From here to there is not visible from the very beginning

Installation #19 – 23 March 2018 | MARs Research Hub Gallery

Materials: body, data, computer, wood, gold leaf, agar, slime molds, ink on paper

This installation comprises data capture and visualisation developed in collaboration with Dr Jamie Forth from Goldsmiths Computing Department, funded by the Invention Creativity and Experience research theme of Goldsmiths University.

According to Euclidean geometry ‘the shortest distance between two points is a straight line’. That’s one of the first things we learn in math class. What if the shortest isn’t the most efficient? In this installation I set out to wonder and meander around this question.

A good friend Dr Aleksandr Drozd, is an AI researcher at Riken Labs in Tokyo. The title of the installation comes from a conversation we had. If “from here to there is not visible from the very beginning” (2018), the destination mus be unknown. So why is the linear logic associated with science, and measure still so pervasive? Imagine moving ‘forward’ in “a meander pattern, an exercise in finding the longest possible pathway between two spatially quite adjacent points.” (A. Gell, Art & Agency, 1998) What would happen to time?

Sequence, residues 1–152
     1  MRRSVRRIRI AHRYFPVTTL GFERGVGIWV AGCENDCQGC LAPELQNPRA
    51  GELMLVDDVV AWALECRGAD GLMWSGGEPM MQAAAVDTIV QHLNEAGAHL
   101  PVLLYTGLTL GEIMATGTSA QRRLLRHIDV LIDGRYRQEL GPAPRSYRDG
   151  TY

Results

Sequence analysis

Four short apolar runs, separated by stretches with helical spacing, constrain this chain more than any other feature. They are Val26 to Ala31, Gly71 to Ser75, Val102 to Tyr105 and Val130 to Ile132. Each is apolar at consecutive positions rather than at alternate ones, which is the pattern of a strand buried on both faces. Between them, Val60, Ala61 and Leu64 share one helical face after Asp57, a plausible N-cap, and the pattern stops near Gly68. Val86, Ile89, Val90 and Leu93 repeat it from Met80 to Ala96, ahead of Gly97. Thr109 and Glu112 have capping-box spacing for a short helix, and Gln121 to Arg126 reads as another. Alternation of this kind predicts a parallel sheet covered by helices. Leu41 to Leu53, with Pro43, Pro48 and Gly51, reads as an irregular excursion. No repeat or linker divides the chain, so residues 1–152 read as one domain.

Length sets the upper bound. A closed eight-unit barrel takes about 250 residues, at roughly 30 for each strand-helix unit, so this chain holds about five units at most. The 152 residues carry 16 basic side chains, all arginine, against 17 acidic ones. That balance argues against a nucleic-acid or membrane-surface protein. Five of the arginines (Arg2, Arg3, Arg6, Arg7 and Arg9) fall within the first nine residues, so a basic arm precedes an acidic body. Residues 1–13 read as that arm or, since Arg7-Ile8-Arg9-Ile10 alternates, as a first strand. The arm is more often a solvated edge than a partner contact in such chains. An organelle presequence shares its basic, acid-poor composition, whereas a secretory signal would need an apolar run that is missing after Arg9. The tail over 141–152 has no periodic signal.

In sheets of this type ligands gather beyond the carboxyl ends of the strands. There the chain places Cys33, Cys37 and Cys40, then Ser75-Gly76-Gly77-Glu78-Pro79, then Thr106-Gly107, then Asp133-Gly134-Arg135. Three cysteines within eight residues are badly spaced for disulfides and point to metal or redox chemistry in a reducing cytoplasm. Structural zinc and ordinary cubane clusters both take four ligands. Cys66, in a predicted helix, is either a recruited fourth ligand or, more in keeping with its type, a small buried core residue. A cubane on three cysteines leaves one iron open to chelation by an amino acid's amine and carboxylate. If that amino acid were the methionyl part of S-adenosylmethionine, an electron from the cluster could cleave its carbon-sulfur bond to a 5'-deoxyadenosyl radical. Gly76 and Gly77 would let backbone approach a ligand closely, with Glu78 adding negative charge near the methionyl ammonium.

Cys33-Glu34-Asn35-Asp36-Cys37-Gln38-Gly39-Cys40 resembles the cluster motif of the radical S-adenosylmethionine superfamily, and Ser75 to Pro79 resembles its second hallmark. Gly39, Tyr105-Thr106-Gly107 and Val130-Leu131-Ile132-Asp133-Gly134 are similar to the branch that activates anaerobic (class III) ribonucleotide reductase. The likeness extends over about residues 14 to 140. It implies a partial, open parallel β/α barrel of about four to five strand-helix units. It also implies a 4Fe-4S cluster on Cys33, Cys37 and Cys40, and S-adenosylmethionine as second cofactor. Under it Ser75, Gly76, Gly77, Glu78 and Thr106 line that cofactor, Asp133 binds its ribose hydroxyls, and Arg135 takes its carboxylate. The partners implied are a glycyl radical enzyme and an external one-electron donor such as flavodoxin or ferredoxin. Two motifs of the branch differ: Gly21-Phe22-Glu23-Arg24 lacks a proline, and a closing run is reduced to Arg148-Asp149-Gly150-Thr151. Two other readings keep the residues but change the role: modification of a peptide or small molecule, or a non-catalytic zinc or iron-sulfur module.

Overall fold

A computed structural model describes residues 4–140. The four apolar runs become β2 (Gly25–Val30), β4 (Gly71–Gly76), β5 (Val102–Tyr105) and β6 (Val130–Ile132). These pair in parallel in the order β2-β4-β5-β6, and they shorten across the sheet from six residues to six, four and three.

Time is what’s at stake when considering goals of efficiency . Time became my research material, and I wanted to know: what do we know about free time? The time saved by technologies, and the great liberation from work that is AI’s promise.

Working with a group of Berlin-based freelancers, and using commercial biofeedback wearble tech, I wanted to see if measuring free time, might help us to find answers. In a dance studio, I invited them to respond to prepared choreographic tasks and experiments, and discuss responses.

In parallel, I investigated what slime molds (physarum polycephalum) do with time. Slime moulds are unicellular organisms, that are free-living or aggregate into small colonies, neither animal, plant or fungus, they don’t fit into any category, and they remain a mystery to scientists. But like non-human scientists, slime moulds can trace the most efficient distance between two points, and solve engineering dilemmas ‘more efficiently’ than their human counterparts.

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